I missed most of the celebratory larks, being in travelling mode most of the time. I had harboured hopes the final balcony moment would see Kate and Meghan emerge, armoured and armed, each ready to seize the crown for her man. For the record I think Meghan would win. More of a street fighter. Kate would put up a helluva fight, though.
Yes, I’ve been watching too much Game of Thrones and simultaneously reading too much of the Wars of the Roses, where everyone winds up murdering everyone else, and the women are emerging as being just as vicious as the men.
It's a nice place, Portsmouth. They seem keen on bunting and very big flags. They have the Royal Dockyard, which for a ship enthusiast like me is Disneyland.
HMS Victory is impressive, but it was the Mary Rose I had come to see.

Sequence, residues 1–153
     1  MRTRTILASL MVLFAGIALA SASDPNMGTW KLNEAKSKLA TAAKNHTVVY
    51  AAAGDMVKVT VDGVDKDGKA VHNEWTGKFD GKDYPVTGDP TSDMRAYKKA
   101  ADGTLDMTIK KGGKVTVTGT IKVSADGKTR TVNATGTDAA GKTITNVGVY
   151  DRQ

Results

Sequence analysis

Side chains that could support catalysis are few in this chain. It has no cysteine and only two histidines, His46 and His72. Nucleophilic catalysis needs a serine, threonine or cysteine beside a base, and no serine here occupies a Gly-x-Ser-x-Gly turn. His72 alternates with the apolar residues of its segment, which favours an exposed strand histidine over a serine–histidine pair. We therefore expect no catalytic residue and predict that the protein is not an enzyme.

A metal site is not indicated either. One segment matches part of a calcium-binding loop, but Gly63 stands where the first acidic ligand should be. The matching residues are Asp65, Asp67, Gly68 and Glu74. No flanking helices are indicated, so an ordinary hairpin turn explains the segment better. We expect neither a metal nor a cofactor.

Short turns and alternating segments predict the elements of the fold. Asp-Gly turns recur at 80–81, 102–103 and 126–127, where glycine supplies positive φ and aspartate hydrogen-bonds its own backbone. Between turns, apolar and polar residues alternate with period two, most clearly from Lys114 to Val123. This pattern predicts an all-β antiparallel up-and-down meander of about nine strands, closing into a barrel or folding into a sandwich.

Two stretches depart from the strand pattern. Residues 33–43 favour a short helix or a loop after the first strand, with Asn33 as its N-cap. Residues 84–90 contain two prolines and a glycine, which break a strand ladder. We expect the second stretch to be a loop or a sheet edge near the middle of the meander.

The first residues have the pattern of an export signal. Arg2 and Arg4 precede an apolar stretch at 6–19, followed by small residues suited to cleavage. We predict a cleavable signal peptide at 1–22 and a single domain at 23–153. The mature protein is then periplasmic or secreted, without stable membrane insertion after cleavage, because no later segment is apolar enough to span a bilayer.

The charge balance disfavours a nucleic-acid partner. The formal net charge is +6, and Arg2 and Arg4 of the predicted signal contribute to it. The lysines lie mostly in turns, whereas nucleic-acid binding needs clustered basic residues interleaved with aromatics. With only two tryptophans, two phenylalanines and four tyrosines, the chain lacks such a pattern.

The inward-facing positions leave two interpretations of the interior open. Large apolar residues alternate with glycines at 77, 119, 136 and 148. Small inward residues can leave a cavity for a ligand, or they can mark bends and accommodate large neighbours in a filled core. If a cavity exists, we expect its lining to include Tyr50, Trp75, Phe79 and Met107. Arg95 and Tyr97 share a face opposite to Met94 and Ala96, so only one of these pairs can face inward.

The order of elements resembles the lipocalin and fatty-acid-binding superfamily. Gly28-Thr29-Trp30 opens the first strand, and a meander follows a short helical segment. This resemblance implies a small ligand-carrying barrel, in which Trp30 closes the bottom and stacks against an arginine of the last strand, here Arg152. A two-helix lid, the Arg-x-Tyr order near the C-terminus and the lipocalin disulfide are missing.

Forty years ago, I watched the Mary Rose being lifted from the sea bed. I am not ashamed to say I burst into tears when I saw her.
She turned over just as she was preparing to do battle with the French, which for Henry VIII was something of a lifelong hobby. Why she sank so quickly is still a bit of a mystery.
She took about 500 of her crew with her. Heartbreaking bits and pieces of their daily lives have been carefully preserved from that moment in 1542. Shoes, tools, nit combs and masses of tiny pocket sundials, many looking sharp-edged and new. Some bloke was probably standing on the quayside banging the latest models out. You still using last year's sundial? You want to upgrade to this. Solid elm, mate.
I wonder what clutter we’ll send 500 years into the future? Given recent history, probably covid tests, masks and bunting. And the mystery of the vanishing Duke of York.